Tech

Capcom accused of adding new DRM to back catalog to prevent mods

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Games publisher Capcom is being accused of stealthily adding DRM to some of its back catalog of games and players are reporting a degradation in performance as a direct result.

After a fuss last year forced the gaming giant to remove the highly unpopular and controversial Denuvo DRM from Resident Evil Village, it seems another DRM issue is bearing down on the company.

The DRM in question is called Enigma Protector and it prevents mods and use of the Cheat Engine program.

More damningly, Enigma Protector seems to be adding stutters to gaming and reducing frame rates by between 10-16 frames per second, once again leaving the bizarre scenario where pirated copies of the game run better than legitimate paid-for copies.

A video surfaced on YouTube two months ago on the Capcom R&D channel of a presentation suggesting a will within the company to create its in-house DRM to work alongside Denuvo. It seems we may have reached that point. 

The description of the video reads, “PC games have always been subject to cheating and piracy. Malicious cheating and piracy can reduce the value of the product and lead to a loss of profit.

“This presentation will explain the past background and current efforts to combat cheating and piracy.”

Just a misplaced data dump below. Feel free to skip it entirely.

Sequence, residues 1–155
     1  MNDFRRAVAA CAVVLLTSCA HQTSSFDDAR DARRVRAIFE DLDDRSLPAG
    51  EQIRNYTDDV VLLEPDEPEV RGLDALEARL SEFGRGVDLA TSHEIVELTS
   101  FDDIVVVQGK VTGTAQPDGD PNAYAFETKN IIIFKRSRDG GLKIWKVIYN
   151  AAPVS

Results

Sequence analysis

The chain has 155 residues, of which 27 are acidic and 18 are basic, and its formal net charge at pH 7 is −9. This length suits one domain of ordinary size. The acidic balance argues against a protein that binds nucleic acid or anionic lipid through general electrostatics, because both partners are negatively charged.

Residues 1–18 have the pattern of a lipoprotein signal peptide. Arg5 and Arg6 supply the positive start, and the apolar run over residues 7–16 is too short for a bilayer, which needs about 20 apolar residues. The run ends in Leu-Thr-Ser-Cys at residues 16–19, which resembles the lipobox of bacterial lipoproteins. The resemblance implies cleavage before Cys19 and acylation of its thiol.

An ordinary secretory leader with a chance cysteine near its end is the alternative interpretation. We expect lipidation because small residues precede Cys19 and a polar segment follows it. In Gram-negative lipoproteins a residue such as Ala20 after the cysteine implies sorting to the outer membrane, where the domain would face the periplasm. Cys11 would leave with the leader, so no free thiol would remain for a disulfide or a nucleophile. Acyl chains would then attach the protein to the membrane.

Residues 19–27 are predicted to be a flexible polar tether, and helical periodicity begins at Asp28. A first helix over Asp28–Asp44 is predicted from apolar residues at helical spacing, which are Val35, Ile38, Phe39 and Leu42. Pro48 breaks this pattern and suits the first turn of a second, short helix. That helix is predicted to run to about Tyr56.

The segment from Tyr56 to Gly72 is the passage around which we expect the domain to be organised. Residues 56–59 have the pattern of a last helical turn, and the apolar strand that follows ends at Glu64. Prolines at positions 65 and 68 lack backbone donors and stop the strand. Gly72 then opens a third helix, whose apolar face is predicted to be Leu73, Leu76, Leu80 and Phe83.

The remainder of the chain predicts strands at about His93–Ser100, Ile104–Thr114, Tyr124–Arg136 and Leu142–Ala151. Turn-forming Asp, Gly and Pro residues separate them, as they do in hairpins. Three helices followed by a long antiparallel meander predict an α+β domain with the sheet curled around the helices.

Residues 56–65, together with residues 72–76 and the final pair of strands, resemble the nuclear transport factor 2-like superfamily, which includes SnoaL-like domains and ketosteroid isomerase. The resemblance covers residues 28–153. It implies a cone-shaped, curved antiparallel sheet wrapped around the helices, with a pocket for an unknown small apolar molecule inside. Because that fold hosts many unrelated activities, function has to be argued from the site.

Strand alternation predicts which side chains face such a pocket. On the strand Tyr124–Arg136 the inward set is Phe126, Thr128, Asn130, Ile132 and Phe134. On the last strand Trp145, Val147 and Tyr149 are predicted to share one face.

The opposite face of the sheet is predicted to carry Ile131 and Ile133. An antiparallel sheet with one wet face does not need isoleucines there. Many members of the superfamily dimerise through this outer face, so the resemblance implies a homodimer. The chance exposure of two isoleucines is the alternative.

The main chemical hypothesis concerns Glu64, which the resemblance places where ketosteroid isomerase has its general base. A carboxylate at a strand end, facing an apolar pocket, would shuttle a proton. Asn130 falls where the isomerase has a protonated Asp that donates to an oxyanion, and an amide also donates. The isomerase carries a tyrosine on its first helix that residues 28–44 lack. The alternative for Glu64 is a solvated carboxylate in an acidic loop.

The complaints at the moment center around the ten-year-old Resident Evil Revelations, which, even after a decade, still has a Very Positive review rating on Steam.

It seems odd that Capcom would choose to re-protect such an old title and incur a cost for doing so, so there is potential that these accusations are inaccurate but reports that the Enigma Protector is blocking mods are rife on the Steam Community Forums.

User Dam Shark said, “They have been adding Enigma Protector to their games, even old games. Maybe a part of their recent anti-modding stance? Truly incomprehensible tbh.”

It seems Capcom might be going after modders of its games and trying to clamp down as reports on Twitter a few weeks back highlighted Capcom games featuring speedrunning or any kind of mod were hit with copyright strikes and removed from YouTube.

In the middle of 2023, Capcom was embarrassed when a Street Fighter 6 major tournament host forgot to turn off his nude Chun-Li mod and the show went live with viewers getting more than they perhaps bargained for.

Featured Image: Street Fighter 6/Capcom

Paul McNally

Paul has been around consoles and computers since his parents bought him a Mattel Intellivision. He spent over a decade as editor of popular print-based video games and computer magazines, including a market-leading PlayStation title. Has written gaming content for GamePro, Official Australian PlayStation Magazine, PlayStation Pro, Amiga Action, Mega Action, ST Action, GQ, Loaded, and the Daily Mirror. Former champion shoot ’em-up legend.



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